Fighting coronavirus: What we can do... together

While we may feel powerless over this threat, we are not. There are important things we can and must do – and right now.

What we can all do to fight coronavirus
What we can all do to fight coronavirus 03:21

The World Health Organization has declared the COVID-19 outbreak to be a pandemic — official recognition that the virus respects no borders and now affects masses of people in countries all over the world. And there is no denying the world is changing, in painful ways. We see it in financial markets, where prices are plunging — and in supermarkets, where customers are stripping shelves bare. All driven by fear, as the number of virus cases grows with each passing day.

While we may feel powerless over this threat, we are not. There are important things we can and must do — and right now. 

To borrow a phrase from the war on terror, the coronavirus only has to be right once to infect us. We have to be right every time to prevent it. So, every time you cough or sneeze, use a tissue or the crook of your arm. Every time you think of it, wash your hands — as frequently as you can. Every time you can, practice "social distancing" — stay away from others during this outbreak. Social distancing is now being enforced throughout our society. Schools are closing, sporting events of every kind are being canceled. The curtain has even come down on Broadway shows as the Great White Way goes dark. 

Despite our best efforts, it's likely many of us will eventually get infected by the virus, since we have no immunity to it. If that's the case, you may ask, does it really matter when we get infected? The answer is a resounding yes!  And here's why: slowing the spread of coronavirus — and consequently delaying infections — can make an enormous difference in our ability to handle the pandemic.

Take a look at the illustration below, which is based on a CDC report. The yellow curve shows what happens when you do nothing. The number of infections peaks relatively quickly. This can overwhelm a health care system that is not prepared to handle such a huge number of patients. Emergency rooms and hospitals can become overloaded. We may see shortages of medical supplies — including protective gear and breathing machines — and shortages of health care workers, especially if many of them become infected. But look at the purple curve. It shows what can happen when you slow the epidemic. The outbreak is stretched out. And while it may last longer, the peak number of infections is much lower, putting less stress on the health care system and allowing better care for each patient. It also gives scientists more time to develop new treatments and vaccines.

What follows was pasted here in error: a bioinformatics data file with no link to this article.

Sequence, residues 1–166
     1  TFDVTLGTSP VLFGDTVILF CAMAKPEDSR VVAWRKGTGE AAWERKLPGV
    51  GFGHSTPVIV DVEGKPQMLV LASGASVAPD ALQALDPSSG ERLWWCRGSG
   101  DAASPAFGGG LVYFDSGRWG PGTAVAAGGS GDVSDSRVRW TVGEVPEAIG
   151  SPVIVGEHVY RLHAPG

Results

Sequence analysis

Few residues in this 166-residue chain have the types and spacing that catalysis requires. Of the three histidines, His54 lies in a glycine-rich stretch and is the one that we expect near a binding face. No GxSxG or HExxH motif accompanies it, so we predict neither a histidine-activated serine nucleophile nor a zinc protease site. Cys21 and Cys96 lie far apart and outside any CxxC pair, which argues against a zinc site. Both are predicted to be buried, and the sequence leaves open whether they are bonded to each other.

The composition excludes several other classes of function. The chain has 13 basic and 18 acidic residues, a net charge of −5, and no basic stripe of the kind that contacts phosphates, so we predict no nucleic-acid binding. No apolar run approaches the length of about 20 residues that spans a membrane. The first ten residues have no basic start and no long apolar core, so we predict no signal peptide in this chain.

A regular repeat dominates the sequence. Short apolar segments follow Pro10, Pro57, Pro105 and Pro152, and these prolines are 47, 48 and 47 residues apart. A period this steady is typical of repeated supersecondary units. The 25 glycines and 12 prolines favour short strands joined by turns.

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Is there any evidence this works? Absolutely, especially when coupled with the time-proven technique of aggressive testing to find and isolate infected people as early as possible. In China, where there has been strict quarantine and social distancing in the epicenter of the outbreak, new infections have dramatically slowed. In South Korea, where health officials cleverly used drive-through testing, we're also seeing the number of new cases slow down. 

And there's a history lesson from the 1918 flu pandemic. Back then, Philadelphia held a parade attended by several hundred thousand people. Soon, every hospital bed in the city reportedly was filled with sick patients. St. Louis, on the other hand, practiced social isolation and saw fewer cases.

So we have work to do, and it won't be easy, because it means changing the way we live our daily lives and how we interact with our neighbors. And we have to start now — when we can make the most difference.

One important approach is to try to protect the most vulnerable, especially people with serious medical problems such as hypertension, diabetes, heart disease, or a weakened immune system. And older people have been more severely affected than the young. In Italy, for example, there has been a dramatic spike in death rate in patients with COVID-19 who are 70 and over. Therefore, it makes sense for the elderly and people with serious medical conditions to voluntarily self-isolate now.

And here's something we need to keep in mind. We are all in this together. So even as we keep a distance from each other physically, we need to stay close emotionally. Social isolation is bad for your health! 

If ever there was a time to call or video chat with friends and loved ones, it is now. And don't forget to reach out to the elderly — who may be alone and afraid.   

Demonstrating grace under pressure is easier said than done. But that is this doctor's prescription for getting through this. And, if we treat each other with kindness and empathy, we will.

  • Jon Lapook
    Jonathan LaPook

    Dr. Jonathan LaPook is the chief medical correspondent for CBS News. Follow him on Twitter at @DrLaPook